Procedure Documentation



Why Document Your Processes and Procedures?

There are some very common reasons why an organization should document it’s processes.  Most of the time, the business waits until there is a compelling reason to spend the time and effort to create the documents.  Here’s the most common reasons:

Regulatory Requirements.  A law changes, some rule is going to be enforced or a new law/regulation is enacted.  Some examples of regulatory requirements include HIPPA, Sarbanes Oxley, and recent credit card security changes.  If your industry is regulated or you have applied for some quality standard, you have documentation requirements that must be met.

Financial Event or Commitment.  Perhaps you have recently purchased new software or you are planning to upgrade your current system, the changes to your current procedures most likely will change.  It’s common for organizations to spend money on a new system but not take the time to document how the new system will affect how the work is done.  So many times companies spend money on a new system that is never fully utilized because there is no training or documentation to help users understand the system.

Cataclysmic Event.  A common cataclysmic event is when a key employee leaves, becomes ill or decides to retire.  If you have not documented what that person does on a given day, you risk losing intellectual property and ultimately customers.  As the manager, you may not even be aware of everything a long-term employee does to get the job done or to meet customer expectations.  Documenting and cross-training are important business activities that need to be accomplished.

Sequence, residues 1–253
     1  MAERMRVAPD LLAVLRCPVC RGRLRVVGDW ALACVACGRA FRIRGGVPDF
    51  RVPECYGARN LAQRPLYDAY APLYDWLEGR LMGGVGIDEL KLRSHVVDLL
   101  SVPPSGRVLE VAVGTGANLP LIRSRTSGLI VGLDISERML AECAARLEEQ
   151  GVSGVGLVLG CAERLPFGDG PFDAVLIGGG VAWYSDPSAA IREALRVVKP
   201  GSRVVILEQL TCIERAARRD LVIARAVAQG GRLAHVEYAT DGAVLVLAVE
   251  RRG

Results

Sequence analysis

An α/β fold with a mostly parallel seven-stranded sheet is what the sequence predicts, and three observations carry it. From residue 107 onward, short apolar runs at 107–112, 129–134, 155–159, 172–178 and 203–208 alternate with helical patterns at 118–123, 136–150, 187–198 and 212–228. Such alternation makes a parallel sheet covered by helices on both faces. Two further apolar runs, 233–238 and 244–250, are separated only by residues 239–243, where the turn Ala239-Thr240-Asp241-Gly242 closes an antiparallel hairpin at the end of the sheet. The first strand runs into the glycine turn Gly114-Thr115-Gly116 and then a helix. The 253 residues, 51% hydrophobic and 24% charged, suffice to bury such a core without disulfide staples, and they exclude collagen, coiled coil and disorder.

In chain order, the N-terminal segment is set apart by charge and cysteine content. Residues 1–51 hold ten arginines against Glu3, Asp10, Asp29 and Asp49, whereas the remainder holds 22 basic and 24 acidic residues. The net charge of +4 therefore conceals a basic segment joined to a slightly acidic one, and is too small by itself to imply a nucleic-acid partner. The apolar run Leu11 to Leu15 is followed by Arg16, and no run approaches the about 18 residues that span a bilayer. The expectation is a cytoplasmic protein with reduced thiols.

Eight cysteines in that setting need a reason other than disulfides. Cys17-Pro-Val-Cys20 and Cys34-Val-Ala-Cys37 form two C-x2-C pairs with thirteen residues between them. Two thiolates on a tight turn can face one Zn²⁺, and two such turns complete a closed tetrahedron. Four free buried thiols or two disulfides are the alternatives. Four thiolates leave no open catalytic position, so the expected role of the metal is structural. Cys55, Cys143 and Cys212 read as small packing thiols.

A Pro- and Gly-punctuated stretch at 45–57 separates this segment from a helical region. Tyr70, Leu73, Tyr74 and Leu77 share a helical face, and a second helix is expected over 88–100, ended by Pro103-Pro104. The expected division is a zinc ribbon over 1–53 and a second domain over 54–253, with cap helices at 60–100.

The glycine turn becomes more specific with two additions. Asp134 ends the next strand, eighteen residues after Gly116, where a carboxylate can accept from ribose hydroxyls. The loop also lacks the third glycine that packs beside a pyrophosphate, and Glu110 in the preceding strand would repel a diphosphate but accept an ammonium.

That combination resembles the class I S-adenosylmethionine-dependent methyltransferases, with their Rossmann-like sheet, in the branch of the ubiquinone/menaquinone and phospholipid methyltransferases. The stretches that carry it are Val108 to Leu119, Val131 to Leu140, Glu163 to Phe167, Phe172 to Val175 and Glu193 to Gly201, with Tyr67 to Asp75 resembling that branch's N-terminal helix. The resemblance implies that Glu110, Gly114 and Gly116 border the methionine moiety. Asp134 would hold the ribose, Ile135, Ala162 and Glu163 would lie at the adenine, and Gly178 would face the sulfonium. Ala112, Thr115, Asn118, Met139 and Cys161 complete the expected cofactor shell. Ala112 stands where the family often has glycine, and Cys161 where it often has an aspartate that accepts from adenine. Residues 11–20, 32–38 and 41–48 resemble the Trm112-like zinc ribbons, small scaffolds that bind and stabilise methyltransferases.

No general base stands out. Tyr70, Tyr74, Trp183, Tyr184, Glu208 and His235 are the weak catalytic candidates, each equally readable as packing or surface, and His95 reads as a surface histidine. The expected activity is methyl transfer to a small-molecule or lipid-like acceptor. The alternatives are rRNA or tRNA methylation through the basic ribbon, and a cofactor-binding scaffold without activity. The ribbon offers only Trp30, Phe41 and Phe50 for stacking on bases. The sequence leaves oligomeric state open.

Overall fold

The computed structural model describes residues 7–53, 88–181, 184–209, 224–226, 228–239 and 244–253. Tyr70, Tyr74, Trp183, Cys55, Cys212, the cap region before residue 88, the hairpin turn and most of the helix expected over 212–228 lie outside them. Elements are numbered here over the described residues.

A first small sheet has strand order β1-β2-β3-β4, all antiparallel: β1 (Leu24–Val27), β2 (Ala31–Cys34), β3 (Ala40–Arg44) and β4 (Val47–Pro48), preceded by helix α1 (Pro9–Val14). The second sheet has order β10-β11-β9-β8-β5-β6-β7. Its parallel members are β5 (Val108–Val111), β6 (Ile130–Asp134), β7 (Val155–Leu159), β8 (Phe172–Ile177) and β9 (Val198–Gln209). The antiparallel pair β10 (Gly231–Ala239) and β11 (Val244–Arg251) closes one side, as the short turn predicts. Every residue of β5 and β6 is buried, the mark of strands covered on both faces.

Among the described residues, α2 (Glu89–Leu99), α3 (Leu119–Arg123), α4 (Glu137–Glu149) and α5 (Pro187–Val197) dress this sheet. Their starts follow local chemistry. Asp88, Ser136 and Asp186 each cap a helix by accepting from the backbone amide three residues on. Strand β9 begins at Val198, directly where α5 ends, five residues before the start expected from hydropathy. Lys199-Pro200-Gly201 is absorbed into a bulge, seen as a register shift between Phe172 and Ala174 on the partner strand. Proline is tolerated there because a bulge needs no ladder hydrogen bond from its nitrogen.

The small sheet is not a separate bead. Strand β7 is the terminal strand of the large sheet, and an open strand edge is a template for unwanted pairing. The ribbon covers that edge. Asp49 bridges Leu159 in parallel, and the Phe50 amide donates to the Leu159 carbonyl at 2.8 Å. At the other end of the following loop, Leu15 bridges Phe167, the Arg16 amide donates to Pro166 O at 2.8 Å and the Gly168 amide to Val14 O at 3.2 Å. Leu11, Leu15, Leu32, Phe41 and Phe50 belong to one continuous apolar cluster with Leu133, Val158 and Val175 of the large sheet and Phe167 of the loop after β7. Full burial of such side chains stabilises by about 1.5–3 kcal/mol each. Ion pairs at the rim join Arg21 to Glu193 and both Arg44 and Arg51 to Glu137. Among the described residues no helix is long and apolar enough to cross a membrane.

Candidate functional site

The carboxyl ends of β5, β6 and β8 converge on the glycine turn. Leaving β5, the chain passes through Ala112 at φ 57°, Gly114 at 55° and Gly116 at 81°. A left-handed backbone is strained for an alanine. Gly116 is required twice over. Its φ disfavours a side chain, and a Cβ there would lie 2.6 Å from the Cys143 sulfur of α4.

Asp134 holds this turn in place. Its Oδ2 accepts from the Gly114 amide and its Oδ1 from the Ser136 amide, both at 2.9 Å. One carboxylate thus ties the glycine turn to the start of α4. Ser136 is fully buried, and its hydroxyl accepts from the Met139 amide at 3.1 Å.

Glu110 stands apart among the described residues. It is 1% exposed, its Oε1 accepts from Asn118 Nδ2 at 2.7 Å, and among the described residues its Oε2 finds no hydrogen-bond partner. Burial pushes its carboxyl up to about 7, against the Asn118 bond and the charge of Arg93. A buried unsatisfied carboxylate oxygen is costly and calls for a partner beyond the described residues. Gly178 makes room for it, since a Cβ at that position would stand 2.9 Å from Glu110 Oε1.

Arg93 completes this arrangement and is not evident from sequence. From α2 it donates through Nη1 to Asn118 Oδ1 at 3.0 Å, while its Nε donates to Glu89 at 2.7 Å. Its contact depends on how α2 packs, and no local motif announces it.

Improvement Initiatives.  The organization is doing well but you know you could be doing better so you implement an improvement project.  This could be a Lean or Six Sigma project, or simply looking at your current value stream to make improvements.  Without understanding your current state processes, you can’t effectively improve them.  Documenting your current processes and procedures is often the first step in any improvement initiative.

Impending Event.  It’s possible that a key employee will be retiring, the organization is going to merge with another or you are considering a major reorganization of the company.  Any of these events should trigger the need to understand how the organization functions and will require new or revised process/procedure documentation.

Employee Retention and Engagement.  Hiring and keeping great employees requires that the organization to provide training to its employees.  Whether it’s on-the-job training, classroom style training or online (elearning) training, employees expect to receive training to do their job effectively and to move up in the organization.  Training fails frequently when the processes and procedures are not documented.

There are other reasons to document your processes and procedures but these are the very foundation.  Consider this list.  Do these situations sound familiar to you?  If you need assistance with any level of procedure documentation, we are here to help whether it’s working with your employees to learn the best way to document the process or to actually do it for you.  Give us a call or drop us an email for more information.